In a tragic situation like this, we are compelled to act and what I’m advocating is taking productive action. When we become part of a productive process, we are much more successful than when we stand on the sidelines. I’d like to share some ideas that can help empower us to build communities that work for all.
Take a stand
I was encouraged to see the hundreds of people, many of them young, who organized and marched in protest in the “Hoodies up for Trayvon” rally at the Hennepin County Government Center last week. As citizens we can demand action when we see an injustice. This case was brought to the national light because of the local leadership from Trayvon Martin’s parents, their attorneys Benjamin Crump and Daryl Parks and other concerned leaders in their community. We need to continue the dialogue (and if that doesn’t work – the marching and protesting) regarding race, racial profiling, diverse jury pools and gun laws. Inequality is no longer an option and racial profiling and violence toward our youth must end now.
Advocate for responsible gun laws
In our very community and around the country, there are countless acts of gun violence toward our youth that will probably not gain national attention but deserve justice and fairness. We must insist that our elected officials enact laws that ensure safer communities for our children and our families. The current gun laws around the country have made way for far too many deaths. Day after day around the country there are reports of irresponsible gun use and in many cases our kids are the victims. We need to be at the forefront of these debates.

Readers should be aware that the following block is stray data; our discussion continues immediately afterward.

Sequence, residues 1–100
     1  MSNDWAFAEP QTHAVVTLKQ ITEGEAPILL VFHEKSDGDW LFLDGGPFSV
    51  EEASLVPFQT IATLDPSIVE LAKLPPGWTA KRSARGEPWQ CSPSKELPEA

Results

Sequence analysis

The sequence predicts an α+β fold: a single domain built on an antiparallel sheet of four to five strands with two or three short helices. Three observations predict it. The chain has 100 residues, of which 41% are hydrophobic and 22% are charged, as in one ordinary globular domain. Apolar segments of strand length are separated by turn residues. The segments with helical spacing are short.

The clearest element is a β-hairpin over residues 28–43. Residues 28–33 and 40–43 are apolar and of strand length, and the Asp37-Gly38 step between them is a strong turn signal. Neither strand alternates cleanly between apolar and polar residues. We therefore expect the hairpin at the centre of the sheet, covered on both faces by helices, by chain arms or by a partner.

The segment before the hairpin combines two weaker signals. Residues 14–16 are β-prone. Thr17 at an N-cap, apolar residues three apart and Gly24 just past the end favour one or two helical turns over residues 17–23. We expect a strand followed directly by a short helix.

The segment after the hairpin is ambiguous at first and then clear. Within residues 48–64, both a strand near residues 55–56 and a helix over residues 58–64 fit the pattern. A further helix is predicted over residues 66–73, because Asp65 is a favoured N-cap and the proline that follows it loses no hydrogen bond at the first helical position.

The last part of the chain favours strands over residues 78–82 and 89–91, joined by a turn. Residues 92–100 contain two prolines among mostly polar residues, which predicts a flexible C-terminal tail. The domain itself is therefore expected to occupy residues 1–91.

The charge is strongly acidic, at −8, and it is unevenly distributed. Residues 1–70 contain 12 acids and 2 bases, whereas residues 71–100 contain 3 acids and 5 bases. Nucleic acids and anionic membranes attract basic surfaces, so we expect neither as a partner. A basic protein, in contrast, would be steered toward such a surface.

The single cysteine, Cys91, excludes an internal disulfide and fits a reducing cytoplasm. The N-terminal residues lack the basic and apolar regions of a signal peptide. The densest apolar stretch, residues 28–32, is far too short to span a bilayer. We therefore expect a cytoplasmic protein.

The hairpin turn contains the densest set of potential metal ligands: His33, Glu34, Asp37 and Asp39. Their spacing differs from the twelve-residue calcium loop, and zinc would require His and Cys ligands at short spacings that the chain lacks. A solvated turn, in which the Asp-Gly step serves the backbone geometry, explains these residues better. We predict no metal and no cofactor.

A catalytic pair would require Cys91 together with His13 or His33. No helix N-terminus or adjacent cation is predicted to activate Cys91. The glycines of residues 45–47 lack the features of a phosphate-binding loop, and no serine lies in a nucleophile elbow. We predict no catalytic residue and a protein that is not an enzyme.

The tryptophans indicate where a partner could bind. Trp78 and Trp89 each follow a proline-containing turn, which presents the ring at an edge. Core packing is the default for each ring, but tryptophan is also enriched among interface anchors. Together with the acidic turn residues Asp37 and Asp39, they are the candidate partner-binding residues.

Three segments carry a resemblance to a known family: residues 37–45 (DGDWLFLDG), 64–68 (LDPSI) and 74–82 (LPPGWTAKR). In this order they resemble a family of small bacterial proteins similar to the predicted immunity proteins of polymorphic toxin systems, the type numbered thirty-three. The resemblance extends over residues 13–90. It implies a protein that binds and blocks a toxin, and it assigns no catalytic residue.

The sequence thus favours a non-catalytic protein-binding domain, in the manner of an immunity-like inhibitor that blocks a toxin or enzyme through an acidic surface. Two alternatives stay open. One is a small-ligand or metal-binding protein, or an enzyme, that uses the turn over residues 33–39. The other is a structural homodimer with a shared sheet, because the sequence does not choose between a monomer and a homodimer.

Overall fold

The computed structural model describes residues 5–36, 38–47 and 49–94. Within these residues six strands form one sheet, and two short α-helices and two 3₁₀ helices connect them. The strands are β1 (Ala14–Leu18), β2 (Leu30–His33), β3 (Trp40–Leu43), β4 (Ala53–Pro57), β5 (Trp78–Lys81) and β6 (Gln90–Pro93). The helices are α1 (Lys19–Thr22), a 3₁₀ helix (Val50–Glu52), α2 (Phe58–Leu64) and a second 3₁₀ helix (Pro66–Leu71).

Have productive conversations with the children in our lives
I realized in the course of this trial and eventual verdict that I had never really talked with my own son about how he would react if he were in a situation similar to Trayvon’s. He’s a tall, lanky, dark handsome young man who is now a college freshman. I asked him three simple questions: How would you have reacted in this situation? Would you have confronted Zimmerman physically? What would you do if you saw someone brandishing a gun?
His responses were astonishing. He would have defended himself and been both afraid and upset if he were being profiled and followed. I shared with him a number of similar incidents where I was approached or profiled while I was growing up. I let him know that it is important to remain calm, that he would not be considered “weak” for not fighting back; and as a matter of fact you would show wisdom and courage by not fighting back and living to see another day.
It is highly unfortunate that as black men we still must have this conversation with our sons but I am convinced it is highly necessary. A father, preacher, coach, community leader, or mentor could easily have these conversations with other youth they encounter. Let’s do all we can to empower our youth to be safe.
Working together for justice
The Minneapolis Urban League and the entire Urban League Movement, along with the NAACP, National Action Network, the Black Women’s Roundtable and others have asked the Department of Justice to pursue a federal criminal civil rights investigation focusing on two important aspects of the federal law which may have been violated by George Zimmerman. Next week at the National Urban League Conference in Philadelphia, I will join leaders from around the country in a discussion of other possible actions. Locally, we must continue to have hope and press towards our goals to give more options to all of our youth. There is obviously still much work to do. By working together we can achieve justice, fairness, and opportunity for all.